11.5 Anatomy The entire venous network of the female pelvis is interconnected by an extensive anastomotic network that is virtually devoid of valves. The ovarian plexus drains superiorly via the ovarian veins: the left ovarian vein almost always drains into the left renal vein and the right usually directly into the vena cava , although in 8.8% there is drainage into the right renal vein [4]. The visceral system is composed of venous plexuses that surround the rectum, bladder, vagina, uterus and ovaries. The large uterine and vaginal plexuses drain mainly through two or three veins at the uterine pedicle. Although the latter two systems drain predominately into the internal iliac

veins there are extensive communications with the ovarian venous plexus (Fig. 11.5a).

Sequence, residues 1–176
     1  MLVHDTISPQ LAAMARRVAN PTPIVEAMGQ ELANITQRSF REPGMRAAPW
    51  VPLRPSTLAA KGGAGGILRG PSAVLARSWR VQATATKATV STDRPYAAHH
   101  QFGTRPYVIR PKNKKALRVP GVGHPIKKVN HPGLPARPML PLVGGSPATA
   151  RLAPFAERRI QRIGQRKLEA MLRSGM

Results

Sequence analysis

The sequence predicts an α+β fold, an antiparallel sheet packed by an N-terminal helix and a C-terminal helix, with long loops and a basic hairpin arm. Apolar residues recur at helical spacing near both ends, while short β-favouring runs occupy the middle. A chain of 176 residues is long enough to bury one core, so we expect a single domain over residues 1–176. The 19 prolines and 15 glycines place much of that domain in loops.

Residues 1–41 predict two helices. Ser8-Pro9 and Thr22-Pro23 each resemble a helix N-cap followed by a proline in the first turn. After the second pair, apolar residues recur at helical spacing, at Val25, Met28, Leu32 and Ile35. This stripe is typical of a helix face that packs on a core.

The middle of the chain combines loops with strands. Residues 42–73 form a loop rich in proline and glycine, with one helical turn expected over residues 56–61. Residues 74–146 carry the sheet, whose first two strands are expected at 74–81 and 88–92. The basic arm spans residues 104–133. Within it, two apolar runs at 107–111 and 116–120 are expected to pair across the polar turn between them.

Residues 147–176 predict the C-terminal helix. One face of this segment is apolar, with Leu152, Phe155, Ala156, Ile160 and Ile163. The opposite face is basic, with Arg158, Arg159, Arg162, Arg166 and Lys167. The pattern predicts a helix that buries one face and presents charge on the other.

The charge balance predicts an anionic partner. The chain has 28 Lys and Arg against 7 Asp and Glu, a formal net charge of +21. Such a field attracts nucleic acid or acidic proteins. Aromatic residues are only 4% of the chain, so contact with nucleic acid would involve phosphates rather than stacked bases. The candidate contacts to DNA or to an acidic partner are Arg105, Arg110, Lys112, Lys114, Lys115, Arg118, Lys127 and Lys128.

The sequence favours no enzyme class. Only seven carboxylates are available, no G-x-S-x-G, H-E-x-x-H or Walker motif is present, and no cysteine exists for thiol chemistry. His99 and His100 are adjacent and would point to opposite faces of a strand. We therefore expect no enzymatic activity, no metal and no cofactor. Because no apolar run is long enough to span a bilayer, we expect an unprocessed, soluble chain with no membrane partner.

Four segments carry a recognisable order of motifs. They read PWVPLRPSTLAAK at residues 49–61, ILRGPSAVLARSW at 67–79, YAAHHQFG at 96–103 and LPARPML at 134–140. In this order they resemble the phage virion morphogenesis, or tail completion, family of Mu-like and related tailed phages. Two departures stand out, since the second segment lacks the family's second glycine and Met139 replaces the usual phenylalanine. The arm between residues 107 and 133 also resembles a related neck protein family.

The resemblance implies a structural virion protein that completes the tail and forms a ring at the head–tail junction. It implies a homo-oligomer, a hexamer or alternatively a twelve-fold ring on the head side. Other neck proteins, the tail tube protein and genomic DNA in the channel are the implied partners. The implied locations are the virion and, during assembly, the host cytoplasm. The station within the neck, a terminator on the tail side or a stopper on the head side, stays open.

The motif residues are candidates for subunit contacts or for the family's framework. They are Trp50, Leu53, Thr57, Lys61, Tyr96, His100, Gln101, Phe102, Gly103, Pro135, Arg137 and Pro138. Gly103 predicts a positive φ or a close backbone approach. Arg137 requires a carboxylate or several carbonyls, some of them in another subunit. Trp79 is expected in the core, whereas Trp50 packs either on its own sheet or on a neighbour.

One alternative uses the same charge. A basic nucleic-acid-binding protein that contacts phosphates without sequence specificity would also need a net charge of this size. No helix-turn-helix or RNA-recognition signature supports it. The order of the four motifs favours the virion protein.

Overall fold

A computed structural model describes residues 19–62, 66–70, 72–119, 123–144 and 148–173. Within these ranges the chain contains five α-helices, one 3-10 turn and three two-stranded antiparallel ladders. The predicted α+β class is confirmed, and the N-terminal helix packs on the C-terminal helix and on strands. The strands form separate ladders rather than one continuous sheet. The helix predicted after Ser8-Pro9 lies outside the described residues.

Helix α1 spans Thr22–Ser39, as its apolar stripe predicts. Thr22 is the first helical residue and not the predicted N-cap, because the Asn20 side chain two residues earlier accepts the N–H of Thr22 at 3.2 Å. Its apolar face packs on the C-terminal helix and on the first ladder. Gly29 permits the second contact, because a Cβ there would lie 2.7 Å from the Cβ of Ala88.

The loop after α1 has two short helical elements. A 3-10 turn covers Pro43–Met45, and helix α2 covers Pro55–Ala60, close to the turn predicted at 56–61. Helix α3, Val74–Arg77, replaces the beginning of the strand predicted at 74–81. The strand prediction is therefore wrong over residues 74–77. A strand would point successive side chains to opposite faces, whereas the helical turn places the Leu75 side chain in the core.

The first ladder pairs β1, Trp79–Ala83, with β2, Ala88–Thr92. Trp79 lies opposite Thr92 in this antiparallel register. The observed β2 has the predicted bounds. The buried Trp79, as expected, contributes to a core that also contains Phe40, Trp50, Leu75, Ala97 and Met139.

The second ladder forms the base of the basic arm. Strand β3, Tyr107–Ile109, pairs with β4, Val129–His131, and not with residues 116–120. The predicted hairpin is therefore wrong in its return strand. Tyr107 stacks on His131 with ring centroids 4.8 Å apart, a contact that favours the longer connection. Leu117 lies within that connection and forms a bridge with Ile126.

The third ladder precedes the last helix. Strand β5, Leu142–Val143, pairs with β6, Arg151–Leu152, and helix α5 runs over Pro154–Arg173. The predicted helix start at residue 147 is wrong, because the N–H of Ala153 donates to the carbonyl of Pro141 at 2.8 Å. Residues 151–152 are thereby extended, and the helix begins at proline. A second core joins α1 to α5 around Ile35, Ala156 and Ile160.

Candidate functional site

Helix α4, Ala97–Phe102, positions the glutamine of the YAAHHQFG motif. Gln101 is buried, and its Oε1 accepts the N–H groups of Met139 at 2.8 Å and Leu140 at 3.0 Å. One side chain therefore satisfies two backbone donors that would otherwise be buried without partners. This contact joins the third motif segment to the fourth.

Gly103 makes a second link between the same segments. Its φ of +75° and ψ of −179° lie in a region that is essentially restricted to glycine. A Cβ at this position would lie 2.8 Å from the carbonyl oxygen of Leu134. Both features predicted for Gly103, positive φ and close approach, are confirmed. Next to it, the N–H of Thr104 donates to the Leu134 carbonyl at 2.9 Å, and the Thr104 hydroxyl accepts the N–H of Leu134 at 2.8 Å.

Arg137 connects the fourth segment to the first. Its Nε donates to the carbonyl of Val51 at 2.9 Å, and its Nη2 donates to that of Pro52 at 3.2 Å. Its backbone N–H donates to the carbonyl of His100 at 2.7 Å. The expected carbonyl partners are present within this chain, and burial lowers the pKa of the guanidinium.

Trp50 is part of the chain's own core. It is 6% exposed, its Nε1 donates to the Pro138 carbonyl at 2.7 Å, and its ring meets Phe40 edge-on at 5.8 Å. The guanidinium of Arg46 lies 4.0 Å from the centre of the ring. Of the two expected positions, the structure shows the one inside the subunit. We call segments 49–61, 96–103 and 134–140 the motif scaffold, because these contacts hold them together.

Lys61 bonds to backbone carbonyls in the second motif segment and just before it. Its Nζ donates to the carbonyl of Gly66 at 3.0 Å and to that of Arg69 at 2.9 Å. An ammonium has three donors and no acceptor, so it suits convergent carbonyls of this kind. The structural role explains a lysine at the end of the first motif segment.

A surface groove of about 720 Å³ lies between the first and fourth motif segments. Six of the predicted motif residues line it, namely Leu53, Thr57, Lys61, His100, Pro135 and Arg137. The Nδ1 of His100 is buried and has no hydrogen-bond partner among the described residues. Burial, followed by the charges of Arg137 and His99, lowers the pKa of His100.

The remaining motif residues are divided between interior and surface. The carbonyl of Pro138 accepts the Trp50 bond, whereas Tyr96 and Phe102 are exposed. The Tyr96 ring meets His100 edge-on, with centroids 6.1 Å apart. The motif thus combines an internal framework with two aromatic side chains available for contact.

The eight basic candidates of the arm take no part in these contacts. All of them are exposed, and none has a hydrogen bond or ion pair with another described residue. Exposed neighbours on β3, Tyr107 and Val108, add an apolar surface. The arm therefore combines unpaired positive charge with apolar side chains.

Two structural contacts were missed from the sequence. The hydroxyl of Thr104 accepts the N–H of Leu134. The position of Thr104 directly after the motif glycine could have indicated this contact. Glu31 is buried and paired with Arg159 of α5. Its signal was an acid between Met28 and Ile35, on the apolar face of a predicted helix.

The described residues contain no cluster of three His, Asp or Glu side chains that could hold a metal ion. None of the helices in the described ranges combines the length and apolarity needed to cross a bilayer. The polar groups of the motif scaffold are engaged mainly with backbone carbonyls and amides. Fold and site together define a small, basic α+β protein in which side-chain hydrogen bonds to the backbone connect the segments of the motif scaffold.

11.6 Technique of Ovarian Venography and Embolization Ovarian venography is performed in the same manner as venography of the spermatic veins. The author favors performing ovarian venography on a tilting table with the patient at least 45° upright, however the majority of interventionists perform the procedure with the patient flat. There is no data ascribing an advantage to either method. It cannot be overstressed that the diagnosis of pelvic congestion syndrome cannot be made on venographic criteria alone, correlation with the clinical presentation is mandatory!